Go inside the United Nations and The New York Times to discover how journalism and the law are defining public discourse on the world stage.
Today’s society must tackle issues that require creative problem solving and systemic thinking. Using the lenses of the press, the law and the United Nations, students will examine different tools for making sense of and making an impact on the world around them – considering the strengths and the challenges of each. Students will consider the role of journalists through the reporting of stories from one of the most diverse neighborhoods in the world and connecting the local to the global. Students will then shift to explore how the law impacts, and is impacted by, every facet of our lives, giving special consideration to some of the biggest civil rights issues of our time. Finally, students will then shift to take a focused look at the United Nations – how and why it was created and its role in today’s world.
This multidisciplinary approach to learning encourages students to sample different fields and employ critical thinking and creative problem-solving skills. The program is geared toward students eager to discover their passions, try something new and prepare for college and life after high school. From virtual site visits to lectures by expert practitioners, this course is curated to give students a newfound sense of direction for their future studies by shedding light on a diverse selection of subject material.
Summer Academy enables students to dive deep into a course of study, sharpening skills for their academic and professional futures. Each course is carefully designed to suit student interests and encourage intellectual curiosity.
• The United Nations is one of the world’s most extraordinary institutions, tending to global political, cultural and humanitarian needs. Students will explore distinct aspects of the organization, from its place in New York’s political and cultural landscape to its global outreach. Discussions will investigate where the two concerns intersect and inform each other, culminating in a UN simulation of a world issue being considered from multiple points of view.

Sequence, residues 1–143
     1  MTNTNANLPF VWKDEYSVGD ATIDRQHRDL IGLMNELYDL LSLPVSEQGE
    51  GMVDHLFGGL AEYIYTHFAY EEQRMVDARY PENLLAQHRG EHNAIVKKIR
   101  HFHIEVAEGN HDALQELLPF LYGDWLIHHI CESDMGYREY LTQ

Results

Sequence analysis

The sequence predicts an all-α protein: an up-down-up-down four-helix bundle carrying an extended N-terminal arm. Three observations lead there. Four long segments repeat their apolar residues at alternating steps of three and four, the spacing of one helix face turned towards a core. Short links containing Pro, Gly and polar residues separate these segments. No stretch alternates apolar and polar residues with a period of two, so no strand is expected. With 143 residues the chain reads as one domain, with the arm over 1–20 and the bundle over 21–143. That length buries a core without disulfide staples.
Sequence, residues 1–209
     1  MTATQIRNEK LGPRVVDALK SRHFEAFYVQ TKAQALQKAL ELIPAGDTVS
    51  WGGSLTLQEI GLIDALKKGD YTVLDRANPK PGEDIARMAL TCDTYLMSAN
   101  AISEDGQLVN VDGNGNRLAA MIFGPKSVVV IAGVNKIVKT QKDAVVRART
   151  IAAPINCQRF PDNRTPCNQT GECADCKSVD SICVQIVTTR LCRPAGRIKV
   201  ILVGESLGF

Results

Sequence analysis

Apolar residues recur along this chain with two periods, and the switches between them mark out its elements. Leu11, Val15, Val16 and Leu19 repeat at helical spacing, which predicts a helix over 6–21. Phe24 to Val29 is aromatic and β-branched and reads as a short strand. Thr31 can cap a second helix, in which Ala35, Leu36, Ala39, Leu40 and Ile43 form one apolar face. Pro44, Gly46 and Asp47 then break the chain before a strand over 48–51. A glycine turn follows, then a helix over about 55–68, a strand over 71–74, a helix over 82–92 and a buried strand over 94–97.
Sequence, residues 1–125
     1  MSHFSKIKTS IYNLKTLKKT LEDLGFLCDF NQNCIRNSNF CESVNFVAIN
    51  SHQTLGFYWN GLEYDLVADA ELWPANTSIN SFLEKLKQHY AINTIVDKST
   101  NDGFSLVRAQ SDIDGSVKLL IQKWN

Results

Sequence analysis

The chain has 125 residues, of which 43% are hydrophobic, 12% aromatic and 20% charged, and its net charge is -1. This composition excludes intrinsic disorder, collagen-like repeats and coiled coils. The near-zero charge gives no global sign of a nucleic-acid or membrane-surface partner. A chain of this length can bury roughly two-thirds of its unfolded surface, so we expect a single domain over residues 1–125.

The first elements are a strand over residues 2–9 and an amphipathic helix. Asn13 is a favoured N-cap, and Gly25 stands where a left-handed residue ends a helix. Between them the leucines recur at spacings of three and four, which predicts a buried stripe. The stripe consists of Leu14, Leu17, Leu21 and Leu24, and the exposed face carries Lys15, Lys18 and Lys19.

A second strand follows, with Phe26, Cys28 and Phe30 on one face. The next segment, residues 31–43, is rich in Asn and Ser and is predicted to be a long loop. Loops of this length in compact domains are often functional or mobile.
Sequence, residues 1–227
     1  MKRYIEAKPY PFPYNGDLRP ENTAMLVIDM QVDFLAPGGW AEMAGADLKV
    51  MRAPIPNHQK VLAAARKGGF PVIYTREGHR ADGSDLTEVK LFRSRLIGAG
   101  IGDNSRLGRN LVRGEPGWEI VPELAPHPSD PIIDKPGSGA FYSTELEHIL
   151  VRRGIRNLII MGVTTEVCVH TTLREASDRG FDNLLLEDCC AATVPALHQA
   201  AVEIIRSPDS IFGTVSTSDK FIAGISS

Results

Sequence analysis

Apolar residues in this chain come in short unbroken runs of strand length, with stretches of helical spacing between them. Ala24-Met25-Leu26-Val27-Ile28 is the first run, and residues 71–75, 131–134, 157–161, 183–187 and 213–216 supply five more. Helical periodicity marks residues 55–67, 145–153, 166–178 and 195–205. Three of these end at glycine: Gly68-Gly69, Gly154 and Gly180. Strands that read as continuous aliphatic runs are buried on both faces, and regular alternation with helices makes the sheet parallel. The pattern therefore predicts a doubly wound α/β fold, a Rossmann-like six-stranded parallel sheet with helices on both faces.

• Students will be introduced to the basic elements of reporting and journalism, crafting their own pieces. They will learn about the structure of the newsroom, the role of the editors, the difference between reportage and opinion writing and the myriad of factors that comprise reporting excellence. Students will also explore the role newspapers play in defining public discourse.
• The law is the foundation on which society is built – students will go behind the edifice of the courtroom to explore how law functions in the real world. Throughout the course, students will be exposed to how the law is integrated into every aspect of life in the United States. They will also identify and debate current issues, honing their critical thinking and communication skills.
• Possible virtual site visits include: United Nations Headquarters, important UNESCO World Heritage sites such as Petra in Jordan, virtual tours of world-class museums such as the Metropolitan Museum of Art or the Musée d’Orsay in Paris and tours of culturally significant New York neighborhoods such as Jackson Heights and Chelsea.
• Previous guest speakers include: Somini Sengupta, (Foreign Correspondent, The New York Times), Rosa Goldensohn (Reporter, The City), Legal Counsel at the Bronx Defenders, Amali Tower (Founder & Executive Director, Climate Refugees) and David Vinas (New York Advocacy Office, Save The Children).
Please note: All information is subject to change at the discretion of The School of The New York Times.
Cost and Session Information
Term 1: June 8 - June 19
Term 4: July 20 - July 31
Tuition is $2750
*Listed program costs do not include course-specific lab and materials fees. Learn more on our website.